Mortarboard

From Academic Kids

Missing image
LinusPaulingGraduation1922.jpg
Graduation portrait of Linus Pauling, 1922

A mortarboard is an item of academic headgear consisting of a horizontal square board fixed upon a skull-cap, with a tassel attached to the centre. It is often termed trencher in the UK and Australia; in the U.S., it is usually referred to more generically as a cap. Its name derives from its resemblance to the board upon which mortar is placed prior to the laying of bricks. The cap, together with the gown and (sometimes) the hood, form the official uniform of a high school or university graduate.

The mortarboard is believed to have evolved from the biretta, a similar-looking hat worn by Christian clergy -- both are derivative of the Roman pileus quadratum. It was originally reserved for holders of master degrees, but was later adopted by bachelors and undergraduates. Doctorate-holders of some universities wear the mortarboard, although the round bonnet is more common in Britain while the 4, 6, or 8 cornered "tam" is on ascendency in the U.S. In the U.S., the mortarboard is also worn by high school graduates during the presentation of their diplomas.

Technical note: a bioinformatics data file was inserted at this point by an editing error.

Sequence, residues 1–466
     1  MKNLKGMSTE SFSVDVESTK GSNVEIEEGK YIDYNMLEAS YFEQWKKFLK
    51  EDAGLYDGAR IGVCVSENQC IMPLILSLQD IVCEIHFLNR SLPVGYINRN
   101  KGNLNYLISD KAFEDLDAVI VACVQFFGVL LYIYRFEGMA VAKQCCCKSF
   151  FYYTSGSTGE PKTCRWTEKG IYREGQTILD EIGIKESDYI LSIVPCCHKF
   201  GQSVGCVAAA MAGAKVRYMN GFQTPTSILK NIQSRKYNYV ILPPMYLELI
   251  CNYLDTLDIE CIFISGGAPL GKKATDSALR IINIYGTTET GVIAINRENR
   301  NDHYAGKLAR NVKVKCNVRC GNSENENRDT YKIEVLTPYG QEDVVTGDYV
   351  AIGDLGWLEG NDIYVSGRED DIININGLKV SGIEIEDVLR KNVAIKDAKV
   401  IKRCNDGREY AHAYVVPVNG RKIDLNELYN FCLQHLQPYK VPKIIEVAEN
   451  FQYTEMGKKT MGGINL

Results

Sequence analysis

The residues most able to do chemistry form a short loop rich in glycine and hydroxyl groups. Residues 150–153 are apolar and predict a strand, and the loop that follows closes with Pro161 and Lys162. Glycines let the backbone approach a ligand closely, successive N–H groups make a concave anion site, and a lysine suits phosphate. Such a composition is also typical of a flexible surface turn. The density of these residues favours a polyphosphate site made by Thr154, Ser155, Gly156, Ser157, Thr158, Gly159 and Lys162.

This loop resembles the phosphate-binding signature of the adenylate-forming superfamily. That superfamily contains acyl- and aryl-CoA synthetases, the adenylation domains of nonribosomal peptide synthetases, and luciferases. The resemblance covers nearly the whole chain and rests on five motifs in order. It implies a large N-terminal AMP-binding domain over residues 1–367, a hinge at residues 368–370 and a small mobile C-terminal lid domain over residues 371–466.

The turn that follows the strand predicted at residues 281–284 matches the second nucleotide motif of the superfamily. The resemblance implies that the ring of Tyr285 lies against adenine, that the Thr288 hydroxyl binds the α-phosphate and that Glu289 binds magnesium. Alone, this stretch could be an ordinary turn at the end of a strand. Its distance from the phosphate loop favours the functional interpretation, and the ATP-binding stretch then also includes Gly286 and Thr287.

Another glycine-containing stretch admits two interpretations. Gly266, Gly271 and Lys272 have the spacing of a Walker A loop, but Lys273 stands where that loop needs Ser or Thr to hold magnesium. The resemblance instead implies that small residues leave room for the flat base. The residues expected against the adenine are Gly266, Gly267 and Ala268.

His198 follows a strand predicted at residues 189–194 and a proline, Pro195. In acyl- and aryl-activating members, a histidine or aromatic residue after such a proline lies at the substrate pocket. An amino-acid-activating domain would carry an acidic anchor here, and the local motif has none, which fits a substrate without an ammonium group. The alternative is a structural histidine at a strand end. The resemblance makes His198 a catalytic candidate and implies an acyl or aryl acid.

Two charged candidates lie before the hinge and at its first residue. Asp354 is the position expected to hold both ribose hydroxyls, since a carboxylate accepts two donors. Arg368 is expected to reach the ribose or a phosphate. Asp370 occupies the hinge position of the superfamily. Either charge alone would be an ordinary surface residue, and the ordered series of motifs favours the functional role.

Until the second half of the 20th century, mortarboards were often worn by schoolteachers, and the hat remains an icon of the teaching profession. It is seen most often in comic representations of teachers, for example in The Bash Street Kids comic strip.

See also Academic dress.


This article is part of the
hats and headgear series:
Overview of headgear
Hats; Bonnets; Caps
Hoods; Helmets; Wigs
Masks; Veils; Scarves
Tiaras; Papal tiaras
Crowns; Types of crowns
List of hats and headgear

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